A mentor is an experienced and trusted adviser. We usually think of mentors in a professional or academic context, such as a boss or a teacher. Yet, mentorship also exists on a personal level. Think of the people who’ve provided you with emotional support, vital life lessons, and guidance – these are also mentors. Sometimes your personal mentors are obvious, such as friends and family members, and other times they are less apparent such as neighbors, community members, and even children.
Mentors can have a strong positive impact on your emotional health in a variety of ways. It’s important to be aware of how your mentors impact you so that you’re able to maintain and strengthen these relationships.
“Do what I say and not what I do” is a phrase used by those who are not modeling what they wish to see in their mentees. You might be guilty of this at times. Yet, there are times when your mentors model behaviors in ways that positively impact your thoughts, emotions, and actions. It’s often difficult to see such an impact because it’s internally experienced and not always verbalized. For example, let’s say that one of your mentors is a friend who eats healthily. You would also like to eat healthily, and when you’re exposed to this friend you notice that you have more thoughts about developing healthier dietary habits, and perhaps at times this motivates you to make healthier choices when you eat. Yet, you’ve never spoken about your wish to improve your diet with your friend. This mentor is modeling a good habit that you wish to adopt, and in doing so they have impacted your own thoughts and behaviors.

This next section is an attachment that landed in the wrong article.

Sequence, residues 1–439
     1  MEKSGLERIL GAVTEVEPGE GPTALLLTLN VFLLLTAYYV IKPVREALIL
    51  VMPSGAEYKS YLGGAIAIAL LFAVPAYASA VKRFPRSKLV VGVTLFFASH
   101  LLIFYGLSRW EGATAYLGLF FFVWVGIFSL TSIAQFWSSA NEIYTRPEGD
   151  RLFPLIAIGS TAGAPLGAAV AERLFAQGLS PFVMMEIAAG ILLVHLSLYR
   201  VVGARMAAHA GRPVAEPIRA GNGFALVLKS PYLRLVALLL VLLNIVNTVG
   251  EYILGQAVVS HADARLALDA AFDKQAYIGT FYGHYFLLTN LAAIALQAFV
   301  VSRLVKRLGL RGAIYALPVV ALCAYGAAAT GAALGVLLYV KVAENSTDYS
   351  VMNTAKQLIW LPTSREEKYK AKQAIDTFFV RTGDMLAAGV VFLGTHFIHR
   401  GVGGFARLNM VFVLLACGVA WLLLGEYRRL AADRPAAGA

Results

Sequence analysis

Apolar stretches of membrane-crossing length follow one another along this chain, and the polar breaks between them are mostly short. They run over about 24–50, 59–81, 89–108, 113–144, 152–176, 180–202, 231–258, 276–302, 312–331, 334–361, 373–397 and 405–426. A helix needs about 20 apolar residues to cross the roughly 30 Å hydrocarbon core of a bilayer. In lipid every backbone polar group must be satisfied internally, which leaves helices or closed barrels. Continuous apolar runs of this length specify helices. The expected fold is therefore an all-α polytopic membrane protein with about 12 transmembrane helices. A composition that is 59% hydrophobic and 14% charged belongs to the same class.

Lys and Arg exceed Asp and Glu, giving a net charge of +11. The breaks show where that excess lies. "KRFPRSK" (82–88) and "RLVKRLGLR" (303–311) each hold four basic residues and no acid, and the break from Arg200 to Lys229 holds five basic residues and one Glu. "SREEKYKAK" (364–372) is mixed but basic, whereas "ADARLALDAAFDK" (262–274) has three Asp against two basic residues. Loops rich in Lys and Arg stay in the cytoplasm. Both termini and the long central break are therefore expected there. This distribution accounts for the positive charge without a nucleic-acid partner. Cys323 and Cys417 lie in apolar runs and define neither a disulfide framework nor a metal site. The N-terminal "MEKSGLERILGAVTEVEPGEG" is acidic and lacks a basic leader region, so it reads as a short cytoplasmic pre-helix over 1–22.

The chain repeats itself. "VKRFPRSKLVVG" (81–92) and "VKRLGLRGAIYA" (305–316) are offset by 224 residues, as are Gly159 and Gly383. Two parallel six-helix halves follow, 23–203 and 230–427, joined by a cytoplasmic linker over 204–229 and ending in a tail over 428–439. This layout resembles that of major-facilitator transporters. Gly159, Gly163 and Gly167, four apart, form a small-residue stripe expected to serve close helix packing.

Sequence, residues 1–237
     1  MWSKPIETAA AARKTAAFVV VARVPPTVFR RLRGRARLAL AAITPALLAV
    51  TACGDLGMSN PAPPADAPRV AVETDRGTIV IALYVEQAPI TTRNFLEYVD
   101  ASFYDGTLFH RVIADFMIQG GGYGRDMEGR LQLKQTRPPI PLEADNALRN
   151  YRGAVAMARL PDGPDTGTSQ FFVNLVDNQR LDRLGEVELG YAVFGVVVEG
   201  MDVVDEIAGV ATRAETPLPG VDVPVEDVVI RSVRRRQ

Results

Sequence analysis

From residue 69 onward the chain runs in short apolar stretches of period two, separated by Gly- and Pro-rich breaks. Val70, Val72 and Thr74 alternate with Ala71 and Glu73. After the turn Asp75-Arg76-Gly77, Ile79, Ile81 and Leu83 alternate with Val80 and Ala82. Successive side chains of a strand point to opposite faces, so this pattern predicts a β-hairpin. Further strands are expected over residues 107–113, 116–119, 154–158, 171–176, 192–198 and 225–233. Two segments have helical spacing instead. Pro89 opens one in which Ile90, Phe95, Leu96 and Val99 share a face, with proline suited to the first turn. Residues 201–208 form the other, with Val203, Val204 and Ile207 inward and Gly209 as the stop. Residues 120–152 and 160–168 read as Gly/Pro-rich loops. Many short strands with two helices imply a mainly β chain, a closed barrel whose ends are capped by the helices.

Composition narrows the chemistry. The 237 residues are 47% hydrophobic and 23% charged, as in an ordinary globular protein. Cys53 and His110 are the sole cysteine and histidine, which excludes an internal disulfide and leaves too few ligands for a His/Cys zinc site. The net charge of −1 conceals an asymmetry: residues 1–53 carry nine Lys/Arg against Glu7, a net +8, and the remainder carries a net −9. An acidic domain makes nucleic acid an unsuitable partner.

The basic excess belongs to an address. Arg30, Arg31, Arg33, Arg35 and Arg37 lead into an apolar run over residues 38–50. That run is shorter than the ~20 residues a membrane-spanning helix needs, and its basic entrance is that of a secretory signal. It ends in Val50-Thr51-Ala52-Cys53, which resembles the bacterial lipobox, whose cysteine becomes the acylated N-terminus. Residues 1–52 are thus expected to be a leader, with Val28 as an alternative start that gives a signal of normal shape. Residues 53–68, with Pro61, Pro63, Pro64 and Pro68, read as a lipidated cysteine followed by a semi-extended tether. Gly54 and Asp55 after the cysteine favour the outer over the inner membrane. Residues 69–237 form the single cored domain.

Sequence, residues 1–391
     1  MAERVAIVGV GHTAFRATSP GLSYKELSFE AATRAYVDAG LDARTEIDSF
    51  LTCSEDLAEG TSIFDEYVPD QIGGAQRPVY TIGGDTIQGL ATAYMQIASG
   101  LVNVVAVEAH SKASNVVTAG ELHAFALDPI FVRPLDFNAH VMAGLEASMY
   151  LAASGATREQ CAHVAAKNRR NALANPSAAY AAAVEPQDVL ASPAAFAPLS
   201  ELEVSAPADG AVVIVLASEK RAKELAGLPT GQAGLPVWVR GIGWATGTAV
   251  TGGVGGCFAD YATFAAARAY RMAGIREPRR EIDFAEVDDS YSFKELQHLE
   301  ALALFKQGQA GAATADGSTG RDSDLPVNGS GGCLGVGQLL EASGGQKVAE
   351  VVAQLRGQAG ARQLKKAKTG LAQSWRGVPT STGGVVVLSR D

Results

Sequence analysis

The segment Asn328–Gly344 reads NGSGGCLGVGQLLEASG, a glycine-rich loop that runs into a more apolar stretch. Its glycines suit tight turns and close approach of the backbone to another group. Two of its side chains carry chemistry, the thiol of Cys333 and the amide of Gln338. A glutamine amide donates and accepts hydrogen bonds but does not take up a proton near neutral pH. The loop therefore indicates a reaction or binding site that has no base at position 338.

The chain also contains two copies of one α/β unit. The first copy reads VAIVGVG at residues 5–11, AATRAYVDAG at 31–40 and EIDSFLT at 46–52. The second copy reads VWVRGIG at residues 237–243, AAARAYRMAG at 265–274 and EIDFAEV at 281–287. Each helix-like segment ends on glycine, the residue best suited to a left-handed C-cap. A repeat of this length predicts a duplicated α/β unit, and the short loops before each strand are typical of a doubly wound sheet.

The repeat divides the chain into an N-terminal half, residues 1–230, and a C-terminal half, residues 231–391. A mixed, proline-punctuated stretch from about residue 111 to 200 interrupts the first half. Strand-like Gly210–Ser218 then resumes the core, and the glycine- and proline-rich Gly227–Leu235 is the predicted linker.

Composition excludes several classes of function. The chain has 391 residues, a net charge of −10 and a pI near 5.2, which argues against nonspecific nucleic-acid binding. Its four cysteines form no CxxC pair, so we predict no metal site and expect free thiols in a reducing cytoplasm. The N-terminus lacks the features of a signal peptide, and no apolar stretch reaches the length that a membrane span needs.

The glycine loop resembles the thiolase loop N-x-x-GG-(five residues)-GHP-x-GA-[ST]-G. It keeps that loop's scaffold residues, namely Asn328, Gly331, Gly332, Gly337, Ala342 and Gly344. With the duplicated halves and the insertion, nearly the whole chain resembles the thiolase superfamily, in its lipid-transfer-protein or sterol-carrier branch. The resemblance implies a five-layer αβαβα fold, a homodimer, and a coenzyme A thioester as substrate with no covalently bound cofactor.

Mentors have experience or access to information that you do not. When they share their knowledge, they provide you with education that you may not receive anywhere else. This could give you an advantage that might help you on a personal level. For example, let’s say that you experience muscle tension in your neck that causes headaches. Your neighbor has experienced this sort of muscle tension many times before, and they discuss with you methods that help ease and prevent it. Your neighbor, even if you don’t know them very well, is serving as a mentor. Their information and experience might significantly benefit you.
Mentors can provide you with a wealth of information about yourself. This feedback can take the form of an acknowledgement of your strengths. For example, a coworker can inform you that your resilient nature is an asset to the team and that they value your ability to remain calm and engaged during conflicts. This feedback can help you affirm and appreciate your own strengths and values. Mentors can also provide feedback about needed growth. For example, a child can inform you that you are “uptight” and that you need to spend more time relaxing and enjoying life. Such feedback can help you identify and rectify important personal flaws. To clarify, children can serve as mentors to adults, as children often have experiences and knowledge that adults do not.
Mentors often encourage you to step out of your comfort zone. It’s tempting to stay where you are, as you have established a safe and comfortable existence. Yet, growth often occurs when we are uncomfortable. Mentors can provide us with the push, support, and encouragement we need in order to exit our comfort zones. For example, a community member who recognizes your strengths may encourage you to participate in an interview promoting a charity organization of which you are a member. You’ve never been interviewed before so the idea of being interviewed causes you anxiety. Yet, your mentor may encourage you to face this discomfort in order to promote your personal growth
Do you know who your mentors are and how they impact you? Mentors are all around you. Take a moment to notice them and allow them to support you. Connect with Symmetry Counseling to learn more about our counseling services in Chicago.